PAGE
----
Take the pot of apple flesh and add a half cup of the strained fluid for every 2 ½ pounds of apples used. At this time, for every 2 ½ pounds of apples mix in ½ cup of granulated sugar; a ½ cup of light brown; a 1 teaspoon of cinnamon; ¼ teaspoon of ground clove; and a ¼ teaspoon of all spice. Place the pot on the stove and bring to a boil over a medium to medium high heat. Be very careful, you can scorch the bottom of the apples, which is a bad thing. Stir frequently, until the apple mixture starts boiling. Once the apples start boiling reduce the heat to low. Cook for 2 – 3 hours, stirring every 10 – 15 minutes. The mixture should take on a nice brown color and start to thicken. You will know it’s done when you can take a spoonful and the butter doesn’t spill off the spoon when you tilt it on its side. Picture 1 is a pot full of apple pushed through a sieve. If you follow the instructions, it shouldn’t be so liquid. Picture 2 shows the apples after adding sugar & spices and after it had started to boil. Picture 3 shows the apple butter after cooking for 3 hours. It’s still very liquid because we didn’t strain off the fluids first. It’s still good.

If you are deciding to can the apple butter, you will need to sanitize your jars. I used a dishwasher to do the sanitizing of the jars. Keep the jars in the dishwasher until you are ready to can. For the lids, use fresh lids. In a small pot, cover the lids with water and bring to a boil. Leave the lids submerged in the water until you are ready.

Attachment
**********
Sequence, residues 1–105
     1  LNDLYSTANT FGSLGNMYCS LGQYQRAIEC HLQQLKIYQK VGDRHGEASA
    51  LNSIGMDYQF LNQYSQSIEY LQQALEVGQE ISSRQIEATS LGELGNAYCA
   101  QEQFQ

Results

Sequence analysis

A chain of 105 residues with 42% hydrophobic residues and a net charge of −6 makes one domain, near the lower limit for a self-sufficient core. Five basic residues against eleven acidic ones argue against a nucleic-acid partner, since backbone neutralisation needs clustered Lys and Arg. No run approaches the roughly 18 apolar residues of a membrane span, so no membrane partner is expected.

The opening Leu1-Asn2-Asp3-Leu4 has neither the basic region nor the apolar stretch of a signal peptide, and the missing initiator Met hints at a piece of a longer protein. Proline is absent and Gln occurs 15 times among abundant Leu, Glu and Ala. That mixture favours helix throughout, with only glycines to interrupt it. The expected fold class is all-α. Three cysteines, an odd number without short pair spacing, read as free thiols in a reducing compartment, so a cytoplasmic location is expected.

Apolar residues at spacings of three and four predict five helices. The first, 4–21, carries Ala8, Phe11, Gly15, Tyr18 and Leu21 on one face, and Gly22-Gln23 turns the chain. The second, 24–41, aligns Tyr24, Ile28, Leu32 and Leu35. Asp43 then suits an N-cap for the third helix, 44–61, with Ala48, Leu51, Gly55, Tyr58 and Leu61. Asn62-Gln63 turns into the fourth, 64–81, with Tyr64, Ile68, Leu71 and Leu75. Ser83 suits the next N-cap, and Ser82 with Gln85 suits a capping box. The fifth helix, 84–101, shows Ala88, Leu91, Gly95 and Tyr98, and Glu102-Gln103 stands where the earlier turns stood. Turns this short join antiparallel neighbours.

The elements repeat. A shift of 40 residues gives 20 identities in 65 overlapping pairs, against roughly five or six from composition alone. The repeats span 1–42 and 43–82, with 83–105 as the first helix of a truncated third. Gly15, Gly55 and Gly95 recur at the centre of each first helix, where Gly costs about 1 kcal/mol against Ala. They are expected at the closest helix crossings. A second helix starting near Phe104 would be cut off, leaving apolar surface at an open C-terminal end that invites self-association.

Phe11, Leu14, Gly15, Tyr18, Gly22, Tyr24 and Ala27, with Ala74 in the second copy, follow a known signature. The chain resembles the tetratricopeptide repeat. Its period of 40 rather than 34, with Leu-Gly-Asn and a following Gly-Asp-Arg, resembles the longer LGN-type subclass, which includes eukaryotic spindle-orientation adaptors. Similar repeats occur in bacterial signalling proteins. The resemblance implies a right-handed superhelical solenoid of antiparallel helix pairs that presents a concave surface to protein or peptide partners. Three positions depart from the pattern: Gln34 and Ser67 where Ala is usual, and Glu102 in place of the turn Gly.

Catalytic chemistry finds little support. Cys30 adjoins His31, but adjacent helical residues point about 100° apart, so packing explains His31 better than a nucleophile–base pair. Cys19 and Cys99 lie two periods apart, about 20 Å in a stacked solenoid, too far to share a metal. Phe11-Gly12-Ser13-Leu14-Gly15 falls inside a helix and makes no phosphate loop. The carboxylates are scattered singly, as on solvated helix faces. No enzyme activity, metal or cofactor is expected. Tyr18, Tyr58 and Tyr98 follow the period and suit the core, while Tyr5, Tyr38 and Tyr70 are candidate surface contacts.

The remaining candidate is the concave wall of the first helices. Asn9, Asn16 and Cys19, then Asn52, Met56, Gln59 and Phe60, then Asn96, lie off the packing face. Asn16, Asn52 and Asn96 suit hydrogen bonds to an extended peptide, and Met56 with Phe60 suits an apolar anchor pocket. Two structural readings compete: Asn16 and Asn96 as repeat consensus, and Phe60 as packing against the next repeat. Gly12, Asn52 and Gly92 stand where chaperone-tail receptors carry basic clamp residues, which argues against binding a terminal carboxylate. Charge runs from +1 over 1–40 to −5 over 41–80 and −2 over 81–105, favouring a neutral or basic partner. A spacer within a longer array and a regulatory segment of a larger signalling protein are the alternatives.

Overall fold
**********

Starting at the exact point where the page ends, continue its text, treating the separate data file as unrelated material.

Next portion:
Take the apple butter, while still warm, and fill the jars using a ladle. Leave about a quarter to a half an inch of space from the top of the jar. Place the lid on the jar and screw tightly.

Fill a large pot with enough water to completely cover your largest jar. If you have a canning rack, use it. If you have a steamer rack, use it. You need to make sure the jars are not touching the bottom of the pot. Bring the pot to a complete boil and lower the jars into the boiling water. Boil the jars for 5 minutes, remove and let cool. As the jar is cooling, the top should pop. This means the raised middle of the jar lid should be down, and no longer makes a click sound when pressed. Picture 1 is a canning pot with a canning rack. Picture 2 shows a finished jar. Please note the indentation on the lid and how it appears depressed.

The apple butter should last about 3 months, without refrigeration, when canned properly. This time is doubled when refrigerated.

Apple Butter on Toast. Very rich flavor. Yum

Enjoy…

Kappy


Tools
Apple peeler corer
Large cook pot (6 quart or more)
Large cook pot (4 quart or more)
Mesh sieve or food mill
Silicon spatula
Wooden spoon
Measuring cups and spoons

Ingredients (Keep spices and sugar proportionate to weight of apples)
2 ½ pounds of apples (peeled, sliced, cored)
2 cups of apple cider
½ cup brown sugar
½ cup granulated sugar
1 teaspoon cinnamon
¼ teaspoon of cloves
¼ teaspoon of all spice

Steps
1.            Core, Peel, Slice Apples
2.            Place apples, peels, core and apple cider in large cooking pot
3.            Bring to boil over medium-high heat, then reduce to simmer. Stir frequently.
4.            Simmer for 30 – 45 minutes until apple flesh is soft
5.            Drain fluid and save
6.            Push apple flesh through sieve into empty cooking pot
7.            Mix in sugar and spices
8.            Add ½ cup of saved fluid
9.            Bring mixture to a boil over medium-high heat then reduce to low. Stir frequently
10.          Cook for 2 – 3 hours until thickened
11.          Can in jars or save in plastic container

Published by Beersnob225

One of many that has an affinity for Craft Brews and other Beverages